Wednesday, July 25, 2012

Fitness frustration

So I've been having some mental health issues because of my inability to find fulfilling physical activity.  I'm a mover, a shaker, a wanderer, a wiggler.  I like to lift heavy things then put them down repeatedly.  I like to get my heart rate up, push my body, and just sweat.  I like to challenge myself in new and interesting ways.  Since I'm still trying to figure out what feels good both mentally and physically, I wanted to give a more traditional gym a try.  It's been a while since I've been in a traditional gym as my last gym was a CrossFit box

This gets a bit more complicated because of the varying levels of dis/ability I live with.  I need something workable on cane/crutch days and something workable when I'm wheeling.  This takes the campus rec center completely out of the running, if nothing else because there is a massive hill leading to the building wtih no handicap parking at the top of the hill.  The inside of the building is barely accessible for a number of reasons, so sadly I really don't get to utilize a facility that my student fees pay for.

My local YMCA is more accessible but is pretty expensive, even at the student rate.  Additionally, the hours are a bit terrible for a person that works and goes to school.  They also tend to get pretty darn busy, and I'm not that convinced that the free weights space is particularly wheelie friendly.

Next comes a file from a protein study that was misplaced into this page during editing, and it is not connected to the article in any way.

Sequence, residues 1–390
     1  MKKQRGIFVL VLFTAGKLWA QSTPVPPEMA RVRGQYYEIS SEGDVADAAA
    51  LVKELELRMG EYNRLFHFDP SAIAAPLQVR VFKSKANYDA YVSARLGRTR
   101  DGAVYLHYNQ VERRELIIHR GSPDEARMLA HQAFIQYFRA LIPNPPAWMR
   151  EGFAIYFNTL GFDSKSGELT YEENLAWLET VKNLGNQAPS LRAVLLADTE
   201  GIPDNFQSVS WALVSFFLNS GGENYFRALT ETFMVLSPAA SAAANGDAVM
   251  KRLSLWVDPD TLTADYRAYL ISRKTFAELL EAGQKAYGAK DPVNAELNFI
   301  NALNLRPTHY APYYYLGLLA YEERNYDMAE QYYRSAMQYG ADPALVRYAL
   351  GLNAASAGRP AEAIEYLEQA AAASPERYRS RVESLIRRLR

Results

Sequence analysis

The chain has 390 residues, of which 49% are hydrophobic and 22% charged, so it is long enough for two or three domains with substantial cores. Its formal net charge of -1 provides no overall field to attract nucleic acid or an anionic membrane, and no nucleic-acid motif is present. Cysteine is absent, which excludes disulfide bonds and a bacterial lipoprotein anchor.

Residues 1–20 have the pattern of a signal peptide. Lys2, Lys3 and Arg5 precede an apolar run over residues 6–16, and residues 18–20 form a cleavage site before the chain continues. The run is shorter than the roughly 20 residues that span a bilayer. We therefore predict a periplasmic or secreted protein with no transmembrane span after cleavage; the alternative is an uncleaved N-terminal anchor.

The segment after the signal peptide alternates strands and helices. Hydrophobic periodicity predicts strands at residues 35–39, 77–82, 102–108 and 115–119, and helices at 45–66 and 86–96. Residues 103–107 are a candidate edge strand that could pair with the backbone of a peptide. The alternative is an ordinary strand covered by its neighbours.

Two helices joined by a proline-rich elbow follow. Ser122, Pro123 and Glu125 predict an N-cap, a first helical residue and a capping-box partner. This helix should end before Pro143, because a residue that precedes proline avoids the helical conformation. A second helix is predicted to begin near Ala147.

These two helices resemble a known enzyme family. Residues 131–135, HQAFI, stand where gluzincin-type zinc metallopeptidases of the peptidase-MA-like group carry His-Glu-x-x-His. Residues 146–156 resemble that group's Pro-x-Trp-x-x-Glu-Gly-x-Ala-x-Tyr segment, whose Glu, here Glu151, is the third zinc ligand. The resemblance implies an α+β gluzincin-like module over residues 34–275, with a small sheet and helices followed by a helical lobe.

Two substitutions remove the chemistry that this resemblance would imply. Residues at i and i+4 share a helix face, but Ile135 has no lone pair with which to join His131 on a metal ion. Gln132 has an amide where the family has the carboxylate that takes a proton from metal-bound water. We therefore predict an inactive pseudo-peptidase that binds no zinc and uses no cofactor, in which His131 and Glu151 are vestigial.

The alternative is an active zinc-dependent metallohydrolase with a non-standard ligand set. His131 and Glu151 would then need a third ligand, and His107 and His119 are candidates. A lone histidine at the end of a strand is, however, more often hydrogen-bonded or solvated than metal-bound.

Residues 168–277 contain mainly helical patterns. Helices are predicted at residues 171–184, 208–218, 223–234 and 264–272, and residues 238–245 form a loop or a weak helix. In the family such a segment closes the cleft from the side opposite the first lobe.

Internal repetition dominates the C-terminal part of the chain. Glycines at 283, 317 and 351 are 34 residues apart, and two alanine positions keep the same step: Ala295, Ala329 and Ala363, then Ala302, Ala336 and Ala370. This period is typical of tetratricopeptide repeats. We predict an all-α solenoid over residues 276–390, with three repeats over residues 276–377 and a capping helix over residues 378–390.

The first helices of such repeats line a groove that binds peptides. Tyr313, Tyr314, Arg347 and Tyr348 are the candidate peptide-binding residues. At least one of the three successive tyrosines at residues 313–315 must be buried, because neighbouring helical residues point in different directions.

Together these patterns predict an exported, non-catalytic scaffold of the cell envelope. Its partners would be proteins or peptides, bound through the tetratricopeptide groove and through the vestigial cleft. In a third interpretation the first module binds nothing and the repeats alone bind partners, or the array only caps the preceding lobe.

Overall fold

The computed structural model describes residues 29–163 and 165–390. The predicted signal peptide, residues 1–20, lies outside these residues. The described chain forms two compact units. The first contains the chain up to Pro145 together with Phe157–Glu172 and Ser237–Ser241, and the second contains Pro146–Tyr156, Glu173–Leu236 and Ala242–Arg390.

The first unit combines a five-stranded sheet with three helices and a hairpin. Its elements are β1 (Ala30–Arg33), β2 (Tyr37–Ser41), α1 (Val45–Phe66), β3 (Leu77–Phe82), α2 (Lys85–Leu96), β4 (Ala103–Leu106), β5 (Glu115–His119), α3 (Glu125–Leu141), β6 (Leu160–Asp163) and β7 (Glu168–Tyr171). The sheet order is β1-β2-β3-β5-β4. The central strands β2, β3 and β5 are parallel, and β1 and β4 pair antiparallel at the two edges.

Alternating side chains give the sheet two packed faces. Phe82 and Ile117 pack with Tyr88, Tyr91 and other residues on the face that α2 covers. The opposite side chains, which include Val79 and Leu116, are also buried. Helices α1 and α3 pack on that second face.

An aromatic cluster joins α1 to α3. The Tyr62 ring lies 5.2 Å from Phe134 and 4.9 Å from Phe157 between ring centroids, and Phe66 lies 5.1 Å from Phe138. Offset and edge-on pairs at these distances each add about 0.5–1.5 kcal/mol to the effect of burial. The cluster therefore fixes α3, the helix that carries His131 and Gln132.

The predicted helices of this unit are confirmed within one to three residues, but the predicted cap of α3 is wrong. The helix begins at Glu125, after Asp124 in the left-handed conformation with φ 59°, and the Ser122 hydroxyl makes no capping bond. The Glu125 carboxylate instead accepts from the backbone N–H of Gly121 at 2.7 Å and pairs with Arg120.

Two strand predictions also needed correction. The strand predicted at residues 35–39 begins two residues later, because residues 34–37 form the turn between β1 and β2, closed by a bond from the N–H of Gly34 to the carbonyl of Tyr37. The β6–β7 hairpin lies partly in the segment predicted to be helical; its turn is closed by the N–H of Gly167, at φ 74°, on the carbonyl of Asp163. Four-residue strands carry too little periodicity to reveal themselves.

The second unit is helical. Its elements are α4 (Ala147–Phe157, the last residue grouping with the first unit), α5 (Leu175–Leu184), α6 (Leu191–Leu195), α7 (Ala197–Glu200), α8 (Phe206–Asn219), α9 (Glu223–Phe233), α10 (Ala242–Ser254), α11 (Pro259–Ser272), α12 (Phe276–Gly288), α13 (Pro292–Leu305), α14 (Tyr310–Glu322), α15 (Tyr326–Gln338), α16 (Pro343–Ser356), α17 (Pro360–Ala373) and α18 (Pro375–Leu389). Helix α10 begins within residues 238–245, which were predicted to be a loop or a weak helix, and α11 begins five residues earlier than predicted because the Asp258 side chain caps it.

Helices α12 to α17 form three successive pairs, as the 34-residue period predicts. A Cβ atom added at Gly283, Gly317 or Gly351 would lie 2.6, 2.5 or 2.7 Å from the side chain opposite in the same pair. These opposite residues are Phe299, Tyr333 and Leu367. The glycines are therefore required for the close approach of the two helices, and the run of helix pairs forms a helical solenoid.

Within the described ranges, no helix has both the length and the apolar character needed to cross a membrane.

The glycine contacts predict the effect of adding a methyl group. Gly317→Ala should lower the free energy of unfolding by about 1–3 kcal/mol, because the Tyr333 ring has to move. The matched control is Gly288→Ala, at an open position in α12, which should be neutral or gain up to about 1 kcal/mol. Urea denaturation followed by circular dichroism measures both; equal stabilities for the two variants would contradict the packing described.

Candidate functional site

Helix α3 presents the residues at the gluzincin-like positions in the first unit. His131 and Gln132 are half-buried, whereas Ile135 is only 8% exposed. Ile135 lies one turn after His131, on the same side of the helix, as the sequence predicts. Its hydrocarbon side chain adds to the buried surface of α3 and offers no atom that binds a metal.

Camera phone picture of the front of my local Planet Fitness
My local Planet Fitness
So after talking to a few friends, I decided to check out the local Planet Fitness.  I looked them up online and saw their rates were reasonable.  They're also open 24 hours a day, 7 days a week...something that's really great for me during the school year as I sometimes keep some odd hours when my writing and research muse grabs me by the ears.

The next step was an accessibility check.  This Planet Fitness is in a shopping center that really needs more parking, and specifically more handicap parking.  Not the gym's fault, but frustrating.  It didn't help that this was the post-work crowd that was at the gym, but I really wanted to see the place at it's potential "worst."

I hobble up to the door and find that they have automatic doors...not sure why they have them, but that can be an awesome accessibility feature no matter who you are (universal design ftw!). I limp in with my cane and am immediately greeted by several staff members.  I tell them that I want to check their gym out, they offer a tour, and we walk around.  He shows me the rows upon rows of cardio machines, which includes a ramp up to the treadmills (a bit strange IMO since they didn't have any treadmills for wheelers).  Tons of ellipticals (something I used to be able to use without much pain or nerve issues, but it's been about a year since I've tried).  A bunch of bikes, both upright and recumbent, but without enough room to park a wheelchair next to (dear fitness industry, some of us wheelers have legs that can bike if we don't have to balance!).  I'm bummed that there are no rowers or hand bikes, but those are things a lot of traditional gyms lack.